When I first chose to write a Fil-Am romance, I had to make my hero a sugar baron to best fit the model of popular Regency historical romance. There are some superficial similarities between my fictional hacienda owner, Javier Altarejos, and a fictional English gentleman, like Jane Austen’s Fitzwilliam Darcy. Both came from wealth. Javier grew up in the 1880s and 1890s, when Negros ruled the Philippine (and European) sugar markets. His parents traveled to Europe in the off-season, and they brought back champagne and horses. He grew up in a beautiful local-style mansion, attended by maids, cooks, and nannies. Darcy’s income of ten thousand pounds a year was 300 times the average income of the day—some of which could have come from West Indies plantations. And no matter what production of Pride and Prejudice you see, Pemberley is singularly impressive.
However, the true model for Javier (other than Enrique Iglesias, see in Instinct Magazine photo above) was less Darcy and more John Thornton of Elizabeth Gaskell’s North and South. (See the 4-part BBC series. You won’t be disappointed.) By the time Javier inherits Hacienda Altarejos, the boom times are gone. He has to deal with war (several of them), closed ports, labor shortages, rinderpest and cholera epidemics, drought, and American trade restrictions. Moreover, without a sugar central, his product is no longer the best available. Javier is a good man doing the best he can to keep a major economic enterprise going in tough times. Hacenderos had a reputation of getting rich off the work of their wage laborers, much like the bourgeoisie of industrial Britain—or the fictional factory owners like Thornton. But the reality is that the workers’ jobs depended on Javier and Thornton keeping their doors open, which was not a simple task.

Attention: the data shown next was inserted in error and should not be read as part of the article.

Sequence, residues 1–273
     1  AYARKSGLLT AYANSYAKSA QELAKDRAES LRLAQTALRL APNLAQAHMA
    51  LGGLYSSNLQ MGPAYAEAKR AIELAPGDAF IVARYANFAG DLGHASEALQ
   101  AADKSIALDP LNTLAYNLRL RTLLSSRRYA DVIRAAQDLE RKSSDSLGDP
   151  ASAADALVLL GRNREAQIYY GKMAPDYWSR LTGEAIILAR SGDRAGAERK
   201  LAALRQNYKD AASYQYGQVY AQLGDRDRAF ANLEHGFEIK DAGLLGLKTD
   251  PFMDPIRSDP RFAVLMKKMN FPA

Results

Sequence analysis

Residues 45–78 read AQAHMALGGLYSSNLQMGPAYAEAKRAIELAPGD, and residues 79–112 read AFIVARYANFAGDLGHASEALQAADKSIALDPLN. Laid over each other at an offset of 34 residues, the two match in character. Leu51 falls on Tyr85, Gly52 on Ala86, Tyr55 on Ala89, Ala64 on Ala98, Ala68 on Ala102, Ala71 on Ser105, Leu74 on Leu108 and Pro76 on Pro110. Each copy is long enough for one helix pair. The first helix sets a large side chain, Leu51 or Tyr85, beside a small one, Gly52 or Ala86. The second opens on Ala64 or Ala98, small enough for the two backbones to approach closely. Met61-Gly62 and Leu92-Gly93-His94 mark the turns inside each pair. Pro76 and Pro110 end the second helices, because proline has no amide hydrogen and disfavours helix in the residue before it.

This is not a blanket defense of hacenderos. My story has some “sugar coating.” It is romance, after all!
(Note: Hacendero is the older Spanish spelling, though you will often see haciendero in the Philippines and elsewhere. However, in my research, the version without the added “i” was more popular in contemporary sources.)
Featured image from John Foreman’s The Philippine Islands.